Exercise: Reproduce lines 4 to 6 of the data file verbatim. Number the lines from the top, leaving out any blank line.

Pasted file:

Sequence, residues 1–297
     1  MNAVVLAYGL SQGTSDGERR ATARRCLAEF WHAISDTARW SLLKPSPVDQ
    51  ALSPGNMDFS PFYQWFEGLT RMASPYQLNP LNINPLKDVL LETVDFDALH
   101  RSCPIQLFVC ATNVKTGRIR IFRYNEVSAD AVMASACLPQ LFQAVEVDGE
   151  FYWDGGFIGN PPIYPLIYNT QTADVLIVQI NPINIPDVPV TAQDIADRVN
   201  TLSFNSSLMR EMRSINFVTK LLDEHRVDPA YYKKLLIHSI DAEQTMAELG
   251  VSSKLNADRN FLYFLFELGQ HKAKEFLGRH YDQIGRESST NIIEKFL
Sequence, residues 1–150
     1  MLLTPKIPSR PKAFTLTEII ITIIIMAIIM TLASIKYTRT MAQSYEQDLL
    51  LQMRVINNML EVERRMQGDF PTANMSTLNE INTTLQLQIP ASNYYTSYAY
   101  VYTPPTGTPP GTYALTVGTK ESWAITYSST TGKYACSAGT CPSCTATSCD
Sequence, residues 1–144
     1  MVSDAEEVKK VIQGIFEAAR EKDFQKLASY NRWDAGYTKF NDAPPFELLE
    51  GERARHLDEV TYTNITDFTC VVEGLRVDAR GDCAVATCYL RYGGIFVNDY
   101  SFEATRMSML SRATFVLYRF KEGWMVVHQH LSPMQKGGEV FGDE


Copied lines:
   101  RSCPIQLFVC ATNVKTGRIR IFRYNEVSAD AVMASACLPQ LFQAVEVDGE
   151  FYWDGGFIGN PPIYPLIYNT QTADVLIVQI NPINIPDVPV TAQDIADRVN
   201  TLSFNSSLMR EMRSINFVTK LLDEHRVDPA YYKKLLIHSI DAEQTMAELG